Despite my very clear statement, Larry was under the impression that an explanation of his extended use of the scanner was in order. His first scan, it turns out, hadn’t saved, despite the hour and a half he’d spent working on it, which he found extremely frustrating. Not frustrating enough to report to the desk immediately; just frustrating enough to try doing it again in exactly the same way but hoping for better results. Like Wile E. Coyote.

I, however, would not be swayed : “That is unfortunate that it didn’t work, but you have been on the scanner for 3 hours. Students are waiting; you need to get off.”

He expressed concern that I wasn’t taking his problem with the scanner seriously. Which, to be fair, I wasn’t. For one thing, he hadn’t reported the issue to me until I told him to finish up; had he really been concerned that the problem was with the scanner, rather than himself, he should have come to the desk an hour and a half ago when it first occurred; were it a legitimate issue with the scanner, I would have been very glad to hear about it.

For another, the pressing issue, to me, was that he was still on the scanner : “I will report the problem you experienced to the IT department, and if anyone else [gesturing toward assembled students] experiences the same issue, I will report that as well, but right now, what needs to happen, is that you need to get off the scanner.”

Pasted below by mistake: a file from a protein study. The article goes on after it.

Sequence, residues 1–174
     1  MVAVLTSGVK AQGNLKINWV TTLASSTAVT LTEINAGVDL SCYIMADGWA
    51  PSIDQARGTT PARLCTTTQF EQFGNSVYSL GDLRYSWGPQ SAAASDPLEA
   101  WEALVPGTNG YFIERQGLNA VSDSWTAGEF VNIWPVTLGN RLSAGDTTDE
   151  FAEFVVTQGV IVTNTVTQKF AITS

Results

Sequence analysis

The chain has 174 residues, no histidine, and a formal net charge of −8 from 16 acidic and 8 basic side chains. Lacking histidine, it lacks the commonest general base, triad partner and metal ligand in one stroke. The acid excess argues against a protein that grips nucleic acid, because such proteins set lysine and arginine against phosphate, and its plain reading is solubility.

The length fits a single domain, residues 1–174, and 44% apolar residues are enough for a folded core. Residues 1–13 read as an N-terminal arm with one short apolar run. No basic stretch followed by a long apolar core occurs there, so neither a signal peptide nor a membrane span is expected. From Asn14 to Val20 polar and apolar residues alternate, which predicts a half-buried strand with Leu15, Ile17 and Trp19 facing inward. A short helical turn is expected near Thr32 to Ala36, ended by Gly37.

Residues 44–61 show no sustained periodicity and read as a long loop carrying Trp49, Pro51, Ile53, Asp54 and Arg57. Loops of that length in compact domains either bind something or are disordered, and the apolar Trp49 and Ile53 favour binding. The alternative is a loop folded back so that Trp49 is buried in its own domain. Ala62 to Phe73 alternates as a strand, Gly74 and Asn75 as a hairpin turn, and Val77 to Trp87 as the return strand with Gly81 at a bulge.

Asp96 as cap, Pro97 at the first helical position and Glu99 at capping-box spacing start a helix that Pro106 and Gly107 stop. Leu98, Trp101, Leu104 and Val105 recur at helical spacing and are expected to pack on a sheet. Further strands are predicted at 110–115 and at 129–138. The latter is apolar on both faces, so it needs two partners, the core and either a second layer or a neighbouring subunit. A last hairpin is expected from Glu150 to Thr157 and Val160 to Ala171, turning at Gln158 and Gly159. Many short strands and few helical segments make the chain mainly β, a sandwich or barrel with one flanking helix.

Do you think it’s self-absorbed that I only remember my side of the conversation? I worry about that sometimes. Although maybe in this case it’s because I had to say essentially the same exact thing 6 times before it finally registered with Larry David that my unsympathetic stance was not going to change, and that the only acceptable resolution to this stand-off he and I were having was for him to get the hell off the scanner already.

Which he did. He left the library quickly thereafter, and I am pleased to report that he has not reappeared in that particular library since then. He has, however, shown up in other of the IIIWIW’s libraries and, when difficulties with their scanners have lead some staff members to direct him back toward my library, his response has been “No, I prefer not to go there.” I take full credit for that.